Anyway, I know some of you were worried (I made a point of calling my Mom, because the last time I posted something medical about myself on Facebook, she freaked out).  I can say that nothing is wrong with me that wasn’t already wrong with me, except that the condition has now decided to be a real pain in the neck.

In Which I Play The Contrarian

I usually stay out of the business of being a contrarian, there are people I respect  who are far better than I at it.  Nevertheless, there have been examples lately where it seems like the whole world thinks one way, and I just can’t bring myself to feel the same.  I almost never have had a thought I didn’t rush to post on this blog, so here goes.

The first example is pretty innocuous, I suppose.  This past Saturday, the family and I needed to make a grocery run, so we decided to see what all the hubub was about and went to Trader Joe’s.  I don’t need to tell you how much people rave about this place.  I hear it at work, at church, on the blogs.  “The place is incredible!”, I have been told time and again.

Well, let’s just say, I don’t get it.

First of all, the place was so small in comaparison to say, Kroger, that it’s hard to call it a grocery store.  I understand, it’s built for urban hipster wannabees, not big suburban families.  Even the carts are tiny.  I’m feeding two quasi teenagers and a couple of plus-sized adults.  Those carts are big enough to hold, well, lunch.  The largest unit of ground beef was 1 pound.

There were only store brands, which I expected, but that fact left me totally disoriented.  Which “crunchy puffs” or “organic wheat squares” is the equivalent of Life Cereal?  I was faced with performing a translation with every item I wanted to buy.  (Keep in mind, I’m a born-and-raised southerner.  Soft drinks, no matter what flavor, are “Cokes”.  Tissues are “Kleenexes”, no matter the brand).

Regardless, the place just left me frustrated and disoriented.  Give me my big box.  I want to feed my family and save money.  That’s all.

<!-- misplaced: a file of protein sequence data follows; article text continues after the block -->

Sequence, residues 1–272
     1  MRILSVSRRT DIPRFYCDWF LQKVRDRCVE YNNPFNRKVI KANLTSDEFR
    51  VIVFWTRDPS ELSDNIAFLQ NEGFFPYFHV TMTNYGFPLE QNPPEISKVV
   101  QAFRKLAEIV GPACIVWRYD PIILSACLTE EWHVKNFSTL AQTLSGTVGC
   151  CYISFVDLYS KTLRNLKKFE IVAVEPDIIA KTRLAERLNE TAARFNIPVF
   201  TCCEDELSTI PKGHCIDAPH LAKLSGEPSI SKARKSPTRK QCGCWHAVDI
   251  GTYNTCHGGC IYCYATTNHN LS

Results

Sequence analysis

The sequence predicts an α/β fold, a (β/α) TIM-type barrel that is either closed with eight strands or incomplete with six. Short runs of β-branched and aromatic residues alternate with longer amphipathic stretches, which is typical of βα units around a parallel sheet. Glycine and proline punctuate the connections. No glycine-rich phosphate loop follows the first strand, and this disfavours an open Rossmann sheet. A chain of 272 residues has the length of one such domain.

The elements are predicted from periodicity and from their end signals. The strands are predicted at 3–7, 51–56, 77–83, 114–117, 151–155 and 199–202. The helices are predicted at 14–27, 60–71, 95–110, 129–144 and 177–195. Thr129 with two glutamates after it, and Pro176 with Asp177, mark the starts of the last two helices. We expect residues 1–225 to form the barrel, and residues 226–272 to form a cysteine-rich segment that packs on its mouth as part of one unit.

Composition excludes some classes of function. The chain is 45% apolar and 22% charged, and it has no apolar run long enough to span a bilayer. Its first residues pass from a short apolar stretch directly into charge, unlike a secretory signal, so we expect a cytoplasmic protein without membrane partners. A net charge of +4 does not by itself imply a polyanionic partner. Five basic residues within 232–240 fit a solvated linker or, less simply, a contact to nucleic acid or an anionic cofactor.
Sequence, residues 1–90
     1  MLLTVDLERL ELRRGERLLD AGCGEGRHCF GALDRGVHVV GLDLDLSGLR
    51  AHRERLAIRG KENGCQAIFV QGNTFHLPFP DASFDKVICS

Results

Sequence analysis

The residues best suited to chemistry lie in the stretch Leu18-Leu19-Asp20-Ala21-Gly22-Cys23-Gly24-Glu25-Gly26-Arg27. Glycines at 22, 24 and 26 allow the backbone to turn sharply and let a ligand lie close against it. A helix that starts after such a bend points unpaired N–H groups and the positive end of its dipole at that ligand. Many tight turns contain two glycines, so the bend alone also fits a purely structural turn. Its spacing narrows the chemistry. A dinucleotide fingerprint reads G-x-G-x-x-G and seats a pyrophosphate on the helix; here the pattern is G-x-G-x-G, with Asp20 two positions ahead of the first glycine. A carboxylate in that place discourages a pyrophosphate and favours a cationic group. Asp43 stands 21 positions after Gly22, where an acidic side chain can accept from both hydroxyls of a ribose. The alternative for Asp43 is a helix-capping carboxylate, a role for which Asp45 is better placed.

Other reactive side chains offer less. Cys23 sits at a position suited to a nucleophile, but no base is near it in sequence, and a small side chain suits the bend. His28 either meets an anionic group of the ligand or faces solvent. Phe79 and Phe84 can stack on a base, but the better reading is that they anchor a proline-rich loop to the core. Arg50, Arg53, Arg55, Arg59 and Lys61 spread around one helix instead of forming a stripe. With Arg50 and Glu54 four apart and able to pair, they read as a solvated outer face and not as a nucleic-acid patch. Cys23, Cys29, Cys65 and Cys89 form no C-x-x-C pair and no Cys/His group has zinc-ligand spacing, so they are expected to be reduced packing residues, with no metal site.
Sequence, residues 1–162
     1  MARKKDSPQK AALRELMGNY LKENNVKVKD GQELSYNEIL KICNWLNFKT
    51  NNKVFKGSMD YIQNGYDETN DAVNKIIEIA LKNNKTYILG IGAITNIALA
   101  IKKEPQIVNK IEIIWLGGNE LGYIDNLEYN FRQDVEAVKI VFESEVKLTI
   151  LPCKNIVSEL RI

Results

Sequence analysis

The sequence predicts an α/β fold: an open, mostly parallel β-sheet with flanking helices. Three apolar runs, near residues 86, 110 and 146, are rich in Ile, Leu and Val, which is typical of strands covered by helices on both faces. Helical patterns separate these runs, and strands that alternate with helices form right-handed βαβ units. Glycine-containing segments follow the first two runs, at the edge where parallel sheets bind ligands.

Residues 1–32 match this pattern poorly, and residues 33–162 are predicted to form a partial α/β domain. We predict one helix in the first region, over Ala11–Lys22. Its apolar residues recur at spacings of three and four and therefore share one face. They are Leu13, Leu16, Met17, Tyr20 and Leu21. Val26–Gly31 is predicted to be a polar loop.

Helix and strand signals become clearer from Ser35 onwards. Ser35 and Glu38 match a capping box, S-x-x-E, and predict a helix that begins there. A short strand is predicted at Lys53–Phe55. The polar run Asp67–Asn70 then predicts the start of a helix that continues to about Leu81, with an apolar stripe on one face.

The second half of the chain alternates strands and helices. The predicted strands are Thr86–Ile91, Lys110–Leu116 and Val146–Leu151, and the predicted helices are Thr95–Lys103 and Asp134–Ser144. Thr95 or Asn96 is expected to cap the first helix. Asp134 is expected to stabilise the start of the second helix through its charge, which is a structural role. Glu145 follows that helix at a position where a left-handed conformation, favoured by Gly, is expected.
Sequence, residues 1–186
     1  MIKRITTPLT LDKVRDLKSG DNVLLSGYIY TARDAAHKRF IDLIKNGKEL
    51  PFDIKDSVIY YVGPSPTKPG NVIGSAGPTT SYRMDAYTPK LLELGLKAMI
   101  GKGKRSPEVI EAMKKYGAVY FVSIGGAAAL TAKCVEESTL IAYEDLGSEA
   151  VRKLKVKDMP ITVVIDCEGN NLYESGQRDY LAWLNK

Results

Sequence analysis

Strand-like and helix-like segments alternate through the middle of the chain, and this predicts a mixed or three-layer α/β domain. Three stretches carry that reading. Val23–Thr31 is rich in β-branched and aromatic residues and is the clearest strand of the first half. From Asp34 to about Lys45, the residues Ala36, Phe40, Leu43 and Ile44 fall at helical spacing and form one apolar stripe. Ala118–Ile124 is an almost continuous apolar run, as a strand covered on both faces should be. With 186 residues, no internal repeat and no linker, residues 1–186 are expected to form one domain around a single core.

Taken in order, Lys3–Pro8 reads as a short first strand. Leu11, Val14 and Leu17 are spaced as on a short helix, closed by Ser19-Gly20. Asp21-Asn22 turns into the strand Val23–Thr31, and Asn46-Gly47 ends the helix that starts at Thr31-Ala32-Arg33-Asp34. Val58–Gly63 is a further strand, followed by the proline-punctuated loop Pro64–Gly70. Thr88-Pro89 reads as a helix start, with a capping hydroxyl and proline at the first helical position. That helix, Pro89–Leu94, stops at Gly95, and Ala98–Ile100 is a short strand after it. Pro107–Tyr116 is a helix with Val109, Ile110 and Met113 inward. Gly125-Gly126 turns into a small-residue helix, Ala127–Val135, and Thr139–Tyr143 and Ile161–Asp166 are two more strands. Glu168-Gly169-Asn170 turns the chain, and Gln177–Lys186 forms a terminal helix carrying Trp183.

Maybe y’all can fill me in about what’s so great about Trader Joe’s.  I just don’t get it.

OK, now for the one that will cause every person that is reading this to feel an overwhelming urge to have me committed.  There is something that EVERYONE says, Democrat, Republican, left right, political junkie, political neophytes.  It is more than conventional wisdom that our president, Barack Obama, is a great orator.

I do not agree.

I just don’t think that Mr Obama is a great orator.  A great speaker, yes.  But not a great orator.  I’m afraid we’re living in a generation that has no frame of reference for great oratory, so we give the prize to anyone who is a good speech-giver.  Great oratory, in my opinion, is a specific thing.

Now, keep in mind, this is like giving one’s opinion of a particular piece of music.  Much of it is taste.  My criteria may not be yours, and that’s OK.  You can tell my why my criteria is wrong, if you know better.  Keep in mind also that my idea of great oratory is heavily influenced by my upbringing:  I am southern and religious.  So, of course, that will color my idea of just what great oratory is.

Above all, great oratory is very musical.  It must have a certain cadence. Mr Obama has a cadence, but I noticed in his quasi SOTUspeech, he rushes it, and he never variates the tempo.  Great oratory also makes use of the well-timed pause.  It also uses volume to great effect.  Mr Obama knows how to raise his voice during applause lines, but really great oratory requires the voice to soften at particularly poignant times.  The best can even add a touch of frailty to the voice at these moments. 

Mr Obama, like Celine Dion, doesn’t seem to know how to get extra quiet for effect.

To be honest, Obama’s speaking style is that of a professor.  A very good professor, one whose lectures you never want to miss.  But, I think this is one of the places where he falls short of great oratory.

You see, like any good professor, he stands before the room, and speaks toeveryone there.  There is another level,one that only the great orators have mastered.  A great orator will start in the same position, standing in front of the listener and speaking to him.  However, sometime in the first third of the speech, he will figuratively approach the listener, pivot, and stand beside him.  This is usually done through humor (self-deprecating is best), which from Mr Obama always sounds forced.

Once “beside” the listener, the best orator can then place his arm around the listener, and through his speech say,”Come, walk with me on this journey”. This is usually accomplished by personal anectdote leading to the first point in the meat of the speech. 

The great orator always has the listener (each and every one, individually) walking on a journey with him.

Mr Obama never takes us with him.  He stands before us and gives a lecture.  Once again, this is a great style, and he’s wonderful at it, but this is not great oratory.

Key elements are missing: pauses, variable cadence, appropriate and dramatic volumes, ample humor in the first and last thirds of the speech, and a certain warmth which, to be quite honest, Obama does not project at all.